Relevant criteria for assessment
1. Respect for migrant worker rights:
The project promotes well-informed and safe labour migration, and prevention of trafficking and exploitation by empowering potential migrants. It is in line with the provisions and guidelines found in the ILO Multilateral Framework on Labour Migration, in particular principle 11, and the ILO Declaration on Fundamental Principles and Rights at Work, which covers core labour standards.
Trafficking is a major concern in the GMS, with Thailand as a trafficking hub. Migration caused by economic distress can result in trafficking. The ILO-TICW project correctly identifies trafficking as a function of labour migration, focusing on sub-regional trends towards uninformed and ill-prepared migration, which creates a vacuum in which human traffickers exploit migrants, especially women and children. While governments in the region recognize this concern, many have a limited capacity to address it. The project effectively responds to this situation by developing tools and practices aimed at prevention and through the involvement of all relevant stakeholders, including employers¿ and workers¿ organizations, social partners, vulnerable populations, and government officials at the various levels.
Children and women from ethnic minorities and tribal groups, in such countries as Lao PDR, Myanmar, and Thailand, whose host countries have refused them the right of citizenship also face a higher risk of exploitation. Effectively stateless, barred from owning land, and with limited access to government services, the children and women from these families are particularly vulnerable to the lure of traffickers and subsequent labour exploitation. As a consequence, this specific group of people can also be considered as the project¿s beneficiaries.
The project assisted countries in the GMS in negotiations for Memorandums of Understanding (MOUs) on trafficking. Thailand concluded MOUs with Cambodia and Lao PDR on employment cooperation and elimination of trafficking in children and women. Thailand and Cambodia also concluded an MOU on assisting victims of trafficking. And a MOU on Cooperation against Trafficking in Persons in the Greater Mekong Sub-Region.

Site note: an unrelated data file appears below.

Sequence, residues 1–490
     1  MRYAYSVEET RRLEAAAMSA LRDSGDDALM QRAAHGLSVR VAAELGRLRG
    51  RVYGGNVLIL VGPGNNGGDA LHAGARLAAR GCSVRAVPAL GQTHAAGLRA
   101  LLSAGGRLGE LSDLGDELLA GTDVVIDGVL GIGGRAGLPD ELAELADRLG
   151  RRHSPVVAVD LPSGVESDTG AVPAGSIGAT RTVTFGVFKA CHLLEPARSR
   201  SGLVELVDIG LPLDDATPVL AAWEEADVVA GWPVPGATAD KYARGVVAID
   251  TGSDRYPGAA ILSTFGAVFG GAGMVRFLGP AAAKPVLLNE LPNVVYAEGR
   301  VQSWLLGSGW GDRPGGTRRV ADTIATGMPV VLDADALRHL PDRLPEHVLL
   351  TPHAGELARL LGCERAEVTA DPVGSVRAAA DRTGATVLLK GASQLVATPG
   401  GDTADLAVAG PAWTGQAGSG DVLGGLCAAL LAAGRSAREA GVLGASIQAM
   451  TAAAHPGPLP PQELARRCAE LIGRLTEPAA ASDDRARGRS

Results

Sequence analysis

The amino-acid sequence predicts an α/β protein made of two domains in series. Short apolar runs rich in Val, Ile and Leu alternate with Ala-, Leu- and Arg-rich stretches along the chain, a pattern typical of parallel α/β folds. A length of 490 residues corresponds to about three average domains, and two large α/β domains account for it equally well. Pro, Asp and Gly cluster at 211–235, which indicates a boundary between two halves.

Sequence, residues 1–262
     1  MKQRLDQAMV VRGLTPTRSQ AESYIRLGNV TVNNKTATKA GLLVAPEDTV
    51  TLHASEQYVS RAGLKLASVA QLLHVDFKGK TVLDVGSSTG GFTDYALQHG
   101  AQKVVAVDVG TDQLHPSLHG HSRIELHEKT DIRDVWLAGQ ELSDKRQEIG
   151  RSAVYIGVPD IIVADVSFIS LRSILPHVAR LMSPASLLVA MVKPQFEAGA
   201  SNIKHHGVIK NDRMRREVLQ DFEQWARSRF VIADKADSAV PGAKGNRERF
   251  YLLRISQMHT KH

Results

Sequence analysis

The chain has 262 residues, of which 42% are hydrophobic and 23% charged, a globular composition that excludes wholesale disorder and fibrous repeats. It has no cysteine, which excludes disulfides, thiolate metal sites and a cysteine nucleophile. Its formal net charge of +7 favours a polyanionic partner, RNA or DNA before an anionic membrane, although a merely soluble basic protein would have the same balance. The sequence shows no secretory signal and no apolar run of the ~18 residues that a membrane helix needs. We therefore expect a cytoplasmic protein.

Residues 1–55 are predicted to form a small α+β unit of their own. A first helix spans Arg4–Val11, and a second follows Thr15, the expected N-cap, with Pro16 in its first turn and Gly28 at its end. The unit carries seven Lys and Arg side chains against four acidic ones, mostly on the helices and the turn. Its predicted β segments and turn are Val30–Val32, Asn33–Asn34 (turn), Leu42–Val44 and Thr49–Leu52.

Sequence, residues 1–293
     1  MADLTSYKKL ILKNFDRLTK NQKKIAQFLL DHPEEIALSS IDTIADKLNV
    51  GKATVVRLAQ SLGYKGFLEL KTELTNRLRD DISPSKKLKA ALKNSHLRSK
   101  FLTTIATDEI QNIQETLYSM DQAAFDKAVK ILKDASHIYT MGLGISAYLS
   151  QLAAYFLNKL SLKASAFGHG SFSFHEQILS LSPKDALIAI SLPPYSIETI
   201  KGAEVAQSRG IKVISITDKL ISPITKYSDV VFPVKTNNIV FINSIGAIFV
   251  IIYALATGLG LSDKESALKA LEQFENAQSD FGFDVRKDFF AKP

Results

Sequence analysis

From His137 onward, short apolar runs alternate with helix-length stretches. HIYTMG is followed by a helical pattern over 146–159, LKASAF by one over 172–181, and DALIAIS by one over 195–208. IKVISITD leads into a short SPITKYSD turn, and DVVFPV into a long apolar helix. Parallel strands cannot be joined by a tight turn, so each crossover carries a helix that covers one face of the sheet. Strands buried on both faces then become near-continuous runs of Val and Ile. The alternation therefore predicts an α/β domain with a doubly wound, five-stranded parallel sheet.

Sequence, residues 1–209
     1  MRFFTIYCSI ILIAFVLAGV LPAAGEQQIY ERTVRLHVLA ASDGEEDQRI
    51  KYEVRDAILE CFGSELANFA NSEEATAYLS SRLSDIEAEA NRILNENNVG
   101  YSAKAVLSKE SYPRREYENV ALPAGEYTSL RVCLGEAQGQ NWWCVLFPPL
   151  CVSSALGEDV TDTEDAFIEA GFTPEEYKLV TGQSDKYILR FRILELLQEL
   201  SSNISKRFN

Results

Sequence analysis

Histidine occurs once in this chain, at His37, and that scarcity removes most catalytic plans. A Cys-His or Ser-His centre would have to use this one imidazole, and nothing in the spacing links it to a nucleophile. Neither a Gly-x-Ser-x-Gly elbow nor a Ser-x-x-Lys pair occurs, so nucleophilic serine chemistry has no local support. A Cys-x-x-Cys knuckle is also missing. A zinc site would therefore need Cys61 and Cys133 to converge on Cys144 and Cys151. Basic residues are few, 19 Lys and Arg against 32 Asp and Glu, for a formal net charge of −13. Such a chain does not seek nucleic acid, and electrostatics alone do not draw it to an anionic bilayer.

4. Potential for replication and extension (adaptability):
Methods introduced by the project are now being replicated and implemented by policy makers in the Greater Mekong Sub-region, such as participatory and ownership approaches that emphasize consultations and needs assessments throughout the cycle of the project and ownership of the process by different stakeholders, depending up the phase of the project. In 2004, the governments of China and Lao PDR replicated the project¿s practices in other provinces.
The project is innovative in that it treats trafficking within a labour migration framework, focusing interventions not only on prevention at the origin but also at the destination, in sectors where exploitation is known to occur.
6. Broad-based and participatory:
The ILO-TICW project worked directly with policy makers and local government officials in Cambodia, China (Yunnan Province), Lao PDR, Thailand and Viet Nam.
The project also engaged with employers¿ and workers¿ organizations to sensitize them to the problem of human trafficking and how it affects them. For example an employers¿ association in Kunming City, China collaborated with the ILO-TICW to inform and train its members on trafficking and exploitation situations and to make the business case for anti-trafficking and exploitation measures. Another, example is the Phuket Declaration, which is an agreement among trade unions in Thailand to advocate on the behalf of migrant workers employed in the country.
NGOs and individuals have also been involved in this initiative, such as Save the Children. Facilitating the interaction and coordination of these groups was integral to the project's approach. The project also directly engaged with the target beneficiaries, notably through the Mekong Youth Forum (2004 and 2007) and the Mekong Women¿s Forum (July 2007). These forums brought youth and women from trafficking-prone communities to discuss and formulate recommendations to improve policies and actions against trafficking.
The methods and tools developed by the project demonstrate their sustainability as officials in the region have extended them to other areas beyond those covered by the pilot projects. The approach adopted by the project, in which work was carried out simultaneously at the grassroots level and at higher levels of government, has been replicated beyond the pilot project phase in some countries.
The project achieved its objectives of better informing and preparing potential migrants, especially women and children, working with local governments at the local, national and regional level to develop tools and practices aimed at preventing trafficking. One important lesson learned in carrying out the project, was that working at the grassroots level while simultaneously working with higher levels of governments was crucial in addressing the problem.